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A Study on NPA of Public Sector Banks in India

IOSR Journal of Business and Management (IOSR-JBM) e-issn: X, p-issn: Volume 16, Issue 11.Ver. I (Nov. 2014), PP A Study on NPA of Public Sector Banks in India *Sulagna Das, **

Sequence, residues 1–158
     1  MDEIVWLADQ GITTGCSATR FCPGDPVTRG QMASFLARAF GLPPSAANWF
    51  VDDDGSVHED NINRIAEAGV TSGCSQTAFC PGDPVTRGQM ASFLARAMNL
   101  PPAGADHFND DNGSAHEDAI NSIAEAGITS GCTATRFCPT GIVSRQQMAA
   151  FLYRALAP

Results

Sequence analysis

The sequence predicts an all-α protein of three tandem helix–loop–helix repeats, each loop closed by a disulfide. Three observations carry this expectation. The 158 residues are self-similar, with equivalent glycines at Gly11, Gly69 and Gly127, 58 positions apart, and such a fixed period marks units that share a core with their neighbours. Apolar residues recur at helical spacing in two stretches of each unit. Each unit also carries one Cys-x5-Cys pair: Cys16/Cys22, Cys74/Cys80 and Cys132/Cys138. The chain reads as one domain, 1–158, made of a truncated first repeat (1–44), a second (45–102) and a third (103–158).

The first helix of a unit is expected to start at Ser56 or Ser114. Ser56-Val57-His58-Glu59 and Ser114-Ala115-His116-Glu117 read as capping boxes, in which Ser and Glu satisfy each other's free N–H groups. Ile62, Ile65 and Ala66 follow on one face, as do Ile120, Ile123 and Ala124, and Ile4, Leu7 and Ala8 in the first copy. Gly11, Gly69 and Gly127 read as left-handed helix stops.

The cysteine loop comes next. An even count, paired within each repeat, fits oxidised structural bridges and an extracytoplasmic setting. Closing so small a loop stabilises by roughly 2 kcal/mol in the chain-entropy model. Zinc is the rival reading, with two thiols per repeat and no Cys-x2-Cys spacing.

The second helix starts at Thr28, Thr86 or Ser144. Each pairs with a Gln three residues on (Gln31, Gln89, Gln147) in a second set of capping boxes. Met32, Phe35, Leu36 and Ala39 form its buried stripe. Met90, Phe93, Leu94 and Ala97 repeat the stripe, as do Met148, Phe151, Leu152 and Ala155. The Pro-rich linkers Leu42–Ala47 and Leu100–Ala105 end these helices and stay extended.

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IOSR Journal of Business and Management (IOSR-JBM) e-issn: X, p-issn: Volume 16, Issue 11.Ver. I (Nov. 2014), PP A Study on NPA of Public Sector Banks in India *Sulagna Das, ** AbhijitDutta *Research Scholar KIIT University Bhubaneswar ** Professor, NSHM Business School, Durgapur Abstract: Non-Performing Assets are a burning topic of concern for the public sector banks, as managing and controlling NPA is very important. The current paper with the help of secondary data, from RBI website, tried to analyse the 6 years, ( ) net non-performing asset data of 26 public sector banks, by using Annova statistics, and with the help of SPSS software. The main objective of the study is to find out if there are any significant differences in the mean variation of the concerned banks. This paper also focuses on the reason behind the NPA and its impact on banking operations. Key Words: Annova, Net Non-Performing Assets I. Introduction: In the starting when the financial reforms were undertaken by the Government of India based on the Narasimham Committee report I and II, Reserve Bank of India introduced some prudential norms to address the credit monitoring policy, which were being pursued by the banks and other NBFCs. To strengthen the recovery of loans and dues by the banks and the other financial institutions, Government of India in the year 1993, promulgated the recovery of debts due to banks and other financial institutions act and the securitisation and reconstruction of financial assets and enforcement of security interest act in the year But statistics shows NPA level is ever increasing day by day, and the said act, which was introduced by the Government of India, is not serving the purpose, they were actually formed. The reason behind it can be the bank s approach and attitude towards financing and recovery of loans especially from the small and medium enterprises and also the lack of knowledge about the law and its practice in banking and also violations of the RBI directives/circulars, which are essential to follow by every bank and financial institutions.(non-performing Assets, n. d.) In the financial year 2013, the non-performing assets had gone up to Rs crores, according to the CRISIL report, the gross NPA will increase from 3.3% on , to 4% by An important question is to be answered by the banks and other financial institutions about the recovery of the dues, and banks approach towards focusing on the efficiency and fairness and also become understanding when dealing genuine difficulties in managing the fraud. A strong banking and financial sector is important for a developing economy and the failure of which may have adverse effect on all the sectors.(rbi website, n. d.) 1.1 Non-Performing Asset:Today non-performing assets are the subject of major concerns to the banking sector and the other non-banking financial institutions. A loan or lease that does not meet the stated principal amount and the interest amount payments is termed as non-performing assets. NPA can be classified into commercial loans which are overdue for more than 90 days, and consumer loans which are due for more than 180 days, and rise in NPA is due to the overdue of the commercial loans, there are a lot of pending cases which are being handled by the Indian banks and other financial institutions. (RBI Website, n.d) Nature of Facility Term Loan Overdraft/Cash Credit Bill Purchased/discounted Crop Loans (short duration crops) Crop Loans (Long duration crops) Securitization transactions Derivative transactions Securitisation transaction Source: Table 1.1: Types of loans and its characters Parameters Interest and/or instalment of principalremain overdue beyond 90 days Remains out of order as indicated above Remains overdue beyond 90 days Instalment of principal or interest thereon remains overdue for 2 crop seasons Instalment of principal or interest thereon remains overdue for 1 crop season Amount of liquidity facility remains outstanding beyond 90 days Overdue receivables representing positive mark-to-market value of a derivative contract which remains unpaid beyond 90 days from specified due date for payment Liquidity facility remains outstanding for more than 90 days, 1.2 Definitions of NPA by RBI: a) An asset, including a leased asset, becomes non-performing when it ceases to generate income for the bank. b) A non-performing asset (NPA) is a loan or an advance where; 75 Page i. Interest and/ or instalment of principal remain overdue for a period of more than 90 days in respect of a term loan, ii. The account remains out of order as indicated at paragraph 2.2 below, in respect of an Overdraft /Cash Credit (OD/CC), iii. The bill remains overdue for a period of more than 90 days in the case of bills purchased and discounted, iv. The instalment of principal or interest thereon remains overdue for two crop seasons for short duration crops, the instalment of principal or interest thereon remains overdue for one crop season for long duration crops, v. The instalment of principal or interest thereon remains overdue for one crop season for long duration crops, vi. The amount of liquidity facility remains outstanding for more than 90 days, in respect of a securitisation transaction undertaken in terms of guidelines on securitisation dated February 1, vii. In respect of derivative transactions, the overdue receivables representing positive mark-to-market value of a derivative contract, if these remain unpaid for a period of 90 days from the specified due date for payment. c) Banks should, classify an account as NPA only if the interest due and charged during any quarter is not serviced fully within 90 days from the end of the quarter. d) Out of Order statuses: An account should be treated as 'out of order' if the outstanding balance remains continuously in excess of the sanctioned limit/drawing power. In cases where the outstanding balance in the principal operating account is less than the sanctioned limit/drawing power, but there are no credits continuously for 90 days as on the date of Balance Sheet or credits are not enough to cover the interest debited during the same period, these accounts should be treated as 'out of order'. e) Overdue : Any amount due to the bank under any credit facility is overdue if it is not paid on the due date fixed by the bank. ( 1.3 Classification of Assets: Non-performing assets are further classified into three categories based on the span for which the asset has remained non-performing and the recovery of the dues: i. Substandard Assets With effect from March 31, 2005, a substandard asset would be the one, which has remained as a nonperforming asset for a period of less than or equal to 12 months. Substandard assets have credit weaknesses that jeopardise the liquidation of the debt and there are also possibility of incurring and sustaining some losses if the deficiencies are not corrected. ii. Doubtful Assets With effect from March 31, 2005, an asset is classified as doubtful if it has remained as a sub-standard asset for a period of 12 months. A loan classified under the doubtful category has all the weakness characteristics as defined for the sub-standard assets; also it has added characteristics that the weakness makes full liquidation or collection, on the basis of the currently known conditions, facts, and values that are highly doubtful and questionable. iii. Loss Assets A loss asset is one where loss has been identified by the bank s internal auditors and RBI s external auditors, but the amount has not been written off fully. These kinds of assets are also considered as uncollectible, and of little value that its continuance or maintenance as a bankable asset is not warranted or acceptable though there may be some salvage or recovery value.(rbi Website, n.d.) Table: 1.2,Categories and Parameters of NPA No. Category Parameters Provision Requirement 1 Substandard Asset *Remained NPA for a period not less than or equal to one year. *In such cases, the current net worth of the borrower or guarantor or market value of the security charged is not enough to ensure recovery of the bank s dues; *Likely to sustain some loss if deficiencies are not corrected. 2 Doubtful Asset *Remained in substandard category beyond 1 year; *Recovery - highly questionable and improbable. *15% of the sum of the net investment in The lease and the unrealized portion of finance income net of finance charge component. *Additional 10% for unsecured lease exposure i.e. total 25%. *100% of the finance not secured by the realizable value of the leased asset. *Additional provision on the unrealised portion of finance income net of finance charge component of the secured portion as under:- 76 Page 3 Loss Asset *Asset considered uncollectible and of little value but not written off wholly by the bank. *Continuance as bankable assets although it may have some salvage or recovery value. Source: Period for which the advance remained in doubtful category and the provision (%) Up to one year is 25% provision, One to three years 40% provision, More than three years 100% To be written off or 100% of the sum of the net investment in the lease and the unrealised portion of finance income net of finance charge component. 1.4 Reasons / Causes of NPA: In the past articles, many authors have found out many reasons for NPA. Few are: Market Failure, Wilful Defaults, Poor follow-up and Supervision, Non-cooperation from Banks, Poor Legal framework, Lack of Entrepreneurial Skills, Diversion of funds (Santanu Das, 2010)Zahoor Ahmad, Dr. M. Jegadeeshwaran (2013) in their paper Comparative Study On NPA Management of Nationalised Banks has analysed, improper selection of borrower s activities, weak credit appraisal system Industrial problem, inefficiency in management of borrower, slackness in credit management and monitoring, lack of proper follow up by bank, recession in the market, and natural calamities and other uncertainties, as the reasons for the NPA. On the other hand (Ashly Lynn Joseph, 2014) in his paper A Study on Analyzing the Trend of NPA Level in Private Sector Banks and Public Sector Banks has identified few external, internal and other factors that are involved in the formation of NPA and those are : diversion of fund for expansion, diversification, modernization or for taking up new projects,diversion of fund for assisting or promoting associate concerns,time or cost overrun during the project implementation stage, business failure due to product failure, failure in marketing etc,inefficiency in bank management, slackness in credit management and monitoring, and inappropriate technology or problems related to modern technology. The external factors include recession in the economy as a whole, input or power shortage, price escalation of inputs, exchange rate fluctuations, and change in government policies. Other factors include liberalization of the economy and the consequent pressures from liberalization like several competitions, reduction of tariffs etc, poor monitoring of credits and failure to recognize early warning signals shown by standard assets, sudden crashing of capital market and inability to raise adequate funds,mismatching of funds i.e. using loan granted for short term for long term transactions, granting of loans to certain sectors of the economy on the basis of government directives rather than commercial imperatives. (Namita Rajput,, 2012) also analysed some reasons behind the formation of NPA, and also found the impact of the NPA on banking operations and (Satpal, 2014) also tried to find out some external factors and some internal factors which affects the NPA like (Ashly Lynn Joseph, 2014), and also found the impacts of NPA. II. Review of Literature NPA is a burning topic for the banking sector and many authors tried to study the reasons of NPA, the problems created by NPA and the impact of NPA on the banking sector, and moreover came to a solution or remedies of the growing problem of NPA. A number of papers have been written and gone through, and this part of this paper is attempting to present a review of all those are available in the same area of non-performing assets of the public sector banks, private sector banks and other banks. This survey has conducted a study on the existing papers, articles, journals, and reports provided by different authors, groups and committees from time to time. Dutta. A (2014): This paper studied the growth of NPA in the public and private sector banks in India, and analysed sector wise non-performing assets of the commercial banks. For the purpose of the study data has been collected from secondary sources such as report on Trend and Progress of Banking in India, RBI, Report on Currency and Finance, RBI Economic Surveys of India. Das, S. (2010): In this paper the author has tried to analyse the parameters which are actually the reasons of NPAs, and those are, market failure, wilful defaults, poor follow-up and supervision, non-cooperation from banks, poor Legal framework, lack of entrepreneurial skills, and diversion of funds Ahmad, Z., Jegadeeshwaran, M. (2013): The current paper is written on the NPA, and causes for NPA. Secondary data was collected for a period of five years and analysed by mean, CAGR, ANOVA and ranking banks. The banks were ranked as per their performance in managing the NPA s. The efficiency in managing the NPA by the nationalised banks was tested. Ranjan, R., Dhal, S.C. (2013): This paper explores an empirical approach to the analysis of the Indian commercial banks' nonperforming loans by regression analysis. The empirical analysis evaluates as to how the NPLs are influenced by three major sets of economic and financial factors, i.e., terms of credit, bank size induced risk preferences and macroeconomic shocks. 77 Page Reddy, P.K. (2002): This paper deals with the experiences of other Asian countries in handling of NPAs. It further looks into the effect of the reforms on the level of NPAs and suggests mechanisms to handle the problem by drawing on experiences from other countries. Joseph, A. L. (2014): This paper basically deals with the trends of NPA in banking industry, the internal, external and other factors that mainly contribute to NPA rising in the banking industry and also provides some suggestions for overcoming the burden of NPA. Kamra, S. D. (2013): This paper analyses the position of NPAs in the selected nationalised banks namely State Bank of India (SBI), Punjab National Bank (PNB) and Central Bank of India (CBI). It also focuses on the policies pursued by the banks to manage the NPAs and suggests a strategy for the speedy recovery of NPAs. Patidar, S.,Kataria, A. (2012): The study analyzed the percentage share of NPA as components of priority sector lending, the comparative study was conducted between SBI and Associates, Old Private Banks and New Private Banks and Nationalized Banks of the benchmark category, to find out the significant difference of the NPA and also find out the significant impact of Priority Sector Lending on the Total NPA of Banks using statistical tools like regression analysis and ratio analysis. Arora, N., Ostwal, N. (2014): The present paper analyses the classification and comparison of loan assets of public and private sector banks. The study concluded that NPAs are still a threat for the banks and financial institutions and public sector banks have higher level of NPAs in comparison to Private sector banks. Patnaik, B.C.M., Satpathy,I. (2012): The present paper made an attempt to analyse the causes of NPAs in working capital loans of Urban Co-operative banks. For the study purpose borrowers were surveyed through questionnaires, causes were analyzed and suggestions made to overcome the problem. Patnaik, B.C.M., Satpathy, I. (2011): The present paper tries to analyze the quantitative trend and pattern in growth of NPA with reference to the education loan scheme, in Odisha. An effort was made to find the cause, by questionnaire survey of the defaulters, who are students of different colleges, suggestions to overcome this problem was also given by the author. Bhatia, B.S., Waraich, S., Gautam, V. (2013): This study was made on District Central Cooperative Bank of Punjab, the study tried to analyse the impact of some new product lines on non performing advances in cooperative banks and trends in NPA against loan schemes. Lastly a comparative analysis was made between bank wise and component wise to find out the lacunas and suggest measures for improvement in managing NPA. Rajput, N., Gupta, M., Chauhan, A.K. (2012): This paper provides an empirical approach to the analysis of profitability indicators on NPA, it also discusses the factors which contribute towards NPA, and also analyses the solution for the same. All empirical findings were done by using statistical tools like correlation, regression and data representation techniques and DEA. Ibrahim, M.S.,Thangavelu, R. (2014): In this paper, the author has analyzed the concept of NPAs, components of loan assets in public sector, private sector and other foreign banks, by an exploratory and diagnostic approach with the help of secondary data. Srinivas, K.T. (2013): The present paper undertakes to study the reasons for loans and advances becoming NPA in the Indian Commercial banking Sector and give a suitable solution to overcome the mentioned problem. Rai, K. (2012): The paper made an effort to evaluate the operational performance of the selected commercial banks, and the NPA Trends and issues, also the measures taken for managing the NPAs like reformulation of banks credit appraisal techniques, establishment of monitoring department, etc. Satpal (2014): An attempt has been made in this paper to find out the actual definition of NPA and the factors contributing to the formation NPAs, reasons for high NPAs and their impact on Indian banking operations. Rajeev, M., Mahesh, H.P., (2010): This exploratory paper examines the Indian trends of NPAs from various dimensions and explains how recognition of the problem continuous monitoring, can reduce it to a greater extent. The paper also discusses the functions of the joint liability groups or self help groups in enhancing the loan recovery rate. Yadav, S. (2014): With the help of secondary data, the author in the present paper has tried to show the recent trends and its preventive measures to control NPAs in Indian banking industry. Rakshit, D.,Chakrabarti, S. (2012): The paper deals with understanding the extent of NPAs in cooperative bank and the major causes behind an account becoming non-performing in cooperative banks Kumar, M.,Singh, G. (2012): The paper focuses on the most significant factors, which contribute towards the non-performing assets problem from the view point of the top bankers of public sector banks and, some foreign banks in India and the measures required for managing the NPAs Gupta, J., Jain, S. (2012): The present study deals with performance and the lending practices of some successful cooperative banks of Delhi, whose customers have taken more than one type of loans from the bank. Pradhan, T.K. (2012): The present study is on Odisha, and depends on the mismanagement or diversion of fund, which are one of the main causes of NPA. The study is based on primary data which has been analyzed by percentage method. The data was collected from 50 bank officials through a structured questionnaire. 78 Page Rajput, N.,Arora, A.P., Kaur, B. (2012): This study focuses on management of non-performing assets of the public sector banks under stringent asset classification norms. The study tried to trace the movement of the nonperforming assets present in Indian public sector banks and also analysed the performance of the banks in managing the NPA. Rajaraman, I.,Vasishtha, G. (2001): The paper performs a panel regression on the definitional uniform secondary data, on NPA available for a five-year period ending in The p